Garrity returned two punts for nine yards last season. He could be expected to handle more punts this season, although DeAndre Thompkins and Mark Allen — both freshmen last season — could also get special teams assignments. Thompkins returned 23 punts for 178 yards last season to lead the team.

Mark Dantonio and staff get raises at Michigan State

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As expected, Michigan State is giving head coach Mark Dantonio and his staff well-deserved bumps in pay. The new contract for Dantonio, which was announced on Friday, will see Dantonio be paid $4.3 million per year through January 15, 2020. Michigan State will also set aside an extra $250,000 to be used on assistant coaching salaries.

“The University remains committed to providing all of the tools necessary to sustain a championship-caliber football program,” Dantonio said. “I wish to thank President Simon, Mark Hollis, the Board of Trustees and the entire administration for their trust, loyalty and support.

With the new $4.3 million annual salary, Michigan State has made Dantonio the third highest paid coach in the Big Ten. Michigan’s Jim Harbaugh ($7 million), Ohio State’s Urban Meyer ($5.86 million), and Penn State’s James Franklin ($4.4 million) still rank ahead of the Spartans head coach, but he did pass Iowa’s Kirk Ferentz ($4.075 million). Outside of Meyer at Ohio State, no coach in the Big Ten is as accomplished a coach as Dantonio, so the raise is justified and earned. Dantonio has coached Michigan State to a 36-5 record over the past five seasons and the program has soared to new heights after a bit of a transition phase for Dantonio as a head coach in East Lansing. In addition to two Big Ten titles and a spot in the playoff, Dantonio has also coached Michigan State to victories in the Rose Bowl and Cotton Bowl.

The breakdown of Dantonio’s new contract is as follows;

  • $2,264,480 base compensation
  • $1,000,000 supplemental compensation
  • $700,000 contingent annual bonus
  • $185,520 benefits
  • $100,000 Nike apparel agreement (that’s a lot of Air Jordans)
  • $50,000 guaranteed performance incentives

“With a berth in the College Football Playoff this past season, Coach Dantonio has again shown his excellence in building a nationally prominent football program,” Michigan State President Lou Anna K. Simon said in a released statement. “He is an outstanding leader committed to MSU’s values who empowers his players to become the best Spartans they can be, whether on the field, in the classroom or as part of the MSU community.”

Report: Michigan State finalizing “significant raises” for Dantonio and staff

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Coming off a Big Ten championship and an appearance in the College Football Playoff, Michigan State is reportedly set to pay Mark Dantonio and his coaching staff like kings.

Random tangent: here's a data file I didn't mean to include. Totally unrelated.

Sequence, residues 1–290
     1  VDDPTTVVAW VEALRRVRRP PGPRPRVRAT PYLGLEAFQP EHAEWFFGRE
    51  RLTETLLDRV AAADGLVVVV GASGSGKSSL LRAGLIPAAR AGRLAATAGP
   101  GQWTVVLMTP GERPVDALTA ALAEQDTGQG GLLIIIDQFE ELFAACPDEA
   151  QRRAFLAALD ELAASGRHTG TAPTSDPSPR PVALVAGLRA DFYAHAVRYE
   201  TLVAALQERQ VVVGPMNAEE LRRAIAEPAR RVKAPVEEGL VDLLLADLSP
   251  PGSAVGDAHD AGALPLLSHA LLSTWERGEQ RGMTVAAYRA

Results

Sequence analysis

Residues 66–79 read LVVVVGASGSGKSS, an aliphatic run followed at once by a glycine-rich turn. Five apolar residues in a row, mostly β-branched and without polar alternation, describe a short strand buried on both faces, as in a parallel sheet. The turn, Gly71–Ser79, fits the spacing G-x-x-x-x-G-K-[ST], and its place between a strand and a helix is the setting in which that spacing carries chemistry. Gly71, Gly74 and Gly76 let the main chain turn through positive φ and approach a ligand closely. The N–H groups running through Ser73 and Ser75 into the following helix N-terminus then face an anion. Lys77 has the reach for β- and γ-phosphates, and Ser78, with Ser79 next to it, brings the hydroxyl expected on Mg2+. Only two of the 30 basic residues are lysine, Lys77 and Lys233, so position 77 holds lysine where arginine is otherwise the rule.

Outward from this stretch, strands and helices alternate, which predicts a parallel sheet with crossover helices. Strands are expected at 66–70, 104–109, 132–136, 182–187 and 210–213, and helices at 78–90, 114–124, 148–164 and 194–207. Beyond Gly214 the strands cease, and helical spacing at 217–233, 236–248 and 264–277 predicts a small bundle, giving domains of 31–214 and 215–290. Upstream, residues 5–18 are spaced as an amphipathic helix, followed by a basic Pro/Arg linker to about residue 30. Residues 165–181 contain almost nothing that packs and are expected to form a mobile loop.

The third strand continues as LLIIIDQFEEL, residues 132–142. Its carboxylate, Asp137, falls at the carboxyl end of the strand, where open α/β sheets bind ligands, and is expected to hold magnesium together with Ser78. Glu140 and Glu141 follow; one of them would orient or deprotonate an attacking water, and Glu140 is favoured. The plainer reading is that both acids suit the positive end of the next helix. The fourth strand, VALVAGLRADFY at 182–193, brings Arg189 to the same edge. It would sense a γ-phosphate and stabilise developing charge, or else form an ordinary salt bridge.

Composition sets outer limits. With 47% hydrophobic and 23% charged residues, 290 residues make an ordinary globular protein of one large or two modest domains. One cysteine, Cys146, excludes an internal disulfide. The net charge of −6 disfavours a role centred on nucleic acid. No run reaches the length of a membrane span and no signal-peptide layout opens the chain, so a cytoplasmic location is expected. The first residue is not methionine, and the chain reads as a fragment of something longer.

A breaking report from Hondo Carpenter of Spartan Nation, Michigan State officials are believed to be preparing to finalize significant raises for Dantonio and his coaching staff. According to the report, Michigan State and Dantonio have been working behind the scenes to come together on the finer details of the pay upgrades as they find the numbers that work for Michigan State, Dantonio and his staff. There is no timeline for when the new contract details will be announced, although it could happen soon.

In 2015, Dantonio was the nation’s 21st highest-paid coach, earning $3,671,520 before bonuses. That put Dantonio fifth among Big Ten coaches in salary, trailing four coaches he defeated in 2015; Jim Harbaugh ($7 million), Urban Meyer ($5.86 million), James Franklin ($4.4 million) and Kirk Ferentz ($4.075 million). Aside from Meyer, no coach in the Big Ten has accomplished as much as Dantonio, with a pair of Big Ten championships to his name and victories in the Rose Bowl and Cotton Bowl in recent seasons. Michigan State’s staff salary ranked 24th in the nation last season with a combined salary of $3,195,154. This also ranked fifth in the Big Ten, trailing the same four schools; Michigan, Ohio State, Penn State and Iowa.

Michigan State has not traditionally stayed ahead fo the curve when it came to Dantonio’s contract, but base don the level of performance the football program has achieved over the past few years it is wise to make sure that is no longer the case. This is especially true when lumped in the same division as Michigan and Harbaugh and Ohio State and Meyer. Michigan State has more than held its own in the division and shows no signs of backing down from the competition. Somewhat lost in the shadows of Michigan’s star-studded signing day festivities and another top-notch class in Columbus, Michigan State did pretty well with its class as well.

Dantonio’s name was floated around to some degree by some as a potential coaching candidate for South Carolina. Following the in-season retirement of Steve Spurrier, Dantonio was seen as an intriguing possibility, being a former South Carolina football player. Dantonio kept himself out of that conversation though and went on to win the Big Ten and play in the playoff this past season. He has built a good thing in East Lansing, and now the Spartans are rewarding him for it.